What is the GDPR?
You’ve probably been hearing the term GDPR a lot lately, and most likely receiving numerous opt-in emails from every company that you have ever handed your contact details over to, or purchased shopping from. Many are asking you to read their terms and conditions and confirm you wish to continue receiving correspondence.
The GDPR is a European Union (EU) wide set of rules about how your personal data is handled. It applies to collected data used by businesses and organizations, sets standards for how it is used, brings in rules for reporting data breaches, and provides greater protection for digital privacy. The GDPR aims primarily to give control to citizens and residents over their personal data and to simplify the regulatory environment for international business by unifying the regulation within the EU.
The compliance deadline is May 25, and applies to any company handling EU data, including tech giants like Amazon, Facebook and Google and every other company that does international and ecommerce business.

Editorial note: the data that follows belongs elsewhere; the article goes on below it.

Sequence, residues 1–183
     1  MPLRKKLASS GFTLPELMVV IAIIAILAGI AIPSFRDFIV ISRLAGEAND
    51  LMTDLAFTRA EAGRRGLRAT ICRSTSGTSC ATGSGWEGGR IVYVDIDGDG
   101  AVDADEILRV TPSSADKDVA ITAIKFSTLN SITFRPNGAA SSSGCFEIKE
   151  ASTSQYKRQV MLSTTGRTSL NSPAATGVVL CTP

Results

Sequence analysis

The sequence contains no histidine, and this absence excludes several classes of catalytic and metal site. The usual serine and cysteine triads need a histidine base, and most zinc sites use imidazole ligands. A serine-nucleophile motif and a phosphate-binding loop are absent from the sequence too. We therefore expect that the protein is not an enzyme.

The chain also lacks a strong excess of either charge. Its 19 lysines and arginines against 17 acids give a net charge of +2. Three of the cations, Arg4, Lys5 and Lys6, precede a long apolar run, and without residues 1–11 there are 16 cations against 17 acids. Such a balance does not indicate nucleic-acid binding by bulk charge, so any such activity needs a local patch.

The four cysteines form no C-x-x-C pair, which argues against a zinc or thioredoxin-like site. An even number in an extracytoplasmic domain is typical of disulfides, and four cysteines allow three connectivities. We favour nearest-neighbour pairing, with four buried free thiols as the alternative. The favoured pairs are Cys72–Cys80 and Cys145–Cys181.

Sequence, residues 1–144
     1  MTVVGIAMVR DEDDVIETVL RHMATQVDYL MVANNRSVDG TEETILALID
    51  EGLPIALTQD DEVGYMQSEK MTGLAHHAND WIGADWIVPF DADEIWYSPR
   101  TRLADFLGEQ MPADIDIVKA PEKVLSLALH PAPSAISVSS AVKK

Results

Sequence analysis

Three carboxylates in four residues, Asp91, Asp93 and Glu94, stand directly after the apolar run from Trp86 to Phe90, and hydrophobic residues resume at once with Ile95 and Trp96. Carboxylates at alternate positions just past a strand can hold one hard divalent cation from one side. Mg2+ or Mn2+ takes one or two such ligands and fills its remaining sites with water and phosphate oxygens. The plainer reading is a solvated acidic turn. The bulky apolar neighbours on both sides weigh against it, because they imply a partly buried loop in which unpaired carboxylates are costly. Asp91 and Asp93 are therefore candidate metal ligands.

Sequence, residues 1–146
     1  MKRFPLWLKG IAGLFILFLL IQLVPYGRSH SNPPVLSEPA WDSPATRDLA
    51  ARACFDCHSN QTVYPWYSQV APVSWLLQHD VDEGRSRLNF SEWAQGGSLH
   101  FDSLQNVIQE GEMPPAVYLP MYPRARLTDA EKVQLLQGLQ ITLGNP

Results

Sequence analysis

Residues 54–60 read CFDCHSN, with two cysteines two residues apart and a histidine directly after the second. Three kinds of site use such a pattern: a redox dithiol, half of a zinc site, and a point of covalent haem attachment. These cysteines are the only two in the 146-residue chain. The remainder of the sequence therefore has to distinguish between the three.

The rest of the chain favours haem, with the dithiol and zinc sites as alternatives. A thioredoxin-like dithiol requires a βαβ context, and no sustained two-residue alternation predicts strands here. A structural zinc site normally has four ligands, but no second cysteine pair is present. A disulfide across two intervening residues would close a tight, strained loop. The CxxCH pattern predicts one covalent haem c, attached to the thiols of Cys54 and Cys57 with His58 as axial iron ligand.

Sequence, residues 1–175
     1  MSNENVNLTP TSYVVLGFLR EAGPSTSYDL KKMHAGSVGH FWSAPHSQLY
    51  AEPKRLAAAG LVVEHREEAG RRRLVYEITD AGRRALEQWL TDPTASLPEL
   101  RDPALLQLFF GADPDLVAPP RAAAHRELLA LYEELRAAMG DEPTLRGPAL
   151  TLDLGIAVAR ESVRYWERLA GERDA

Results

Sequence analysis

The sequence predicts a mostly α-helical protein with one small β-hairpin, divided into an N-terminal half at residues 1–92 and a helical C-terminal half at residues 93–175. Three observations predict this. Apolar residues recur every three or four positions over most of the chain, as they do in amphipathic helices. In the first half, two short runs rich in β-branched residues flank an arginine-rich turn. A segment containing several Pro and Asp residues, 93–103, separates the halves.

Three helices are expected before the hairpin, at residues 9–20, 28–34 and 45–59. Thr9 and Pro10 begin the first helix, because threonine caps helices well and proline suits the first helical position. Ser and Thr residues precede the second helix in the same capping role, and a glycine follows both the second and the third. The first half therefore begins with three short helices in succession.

Although GDPR is a movement towards safety and security, as with anything, the transition opens the door for security risks and identity theft. Take extra precaution if you find yourself in any of these situations.
1. An email seemingly from a service provider asking you to agree to new terms could be a hacker trying to get details. Check the source email and if in doubt, contact the service provider directly.
2. New website hacks will likely be centered around presenting a cookie/GDPR opt-in to the end user which collects their data.
3. Hackers will send you emails informing you that you are non-compliant and need to pay a fine or have your site removed.
Be super careful, stay informed of the risk and make sure that you never share money or site info without investigating the situation further.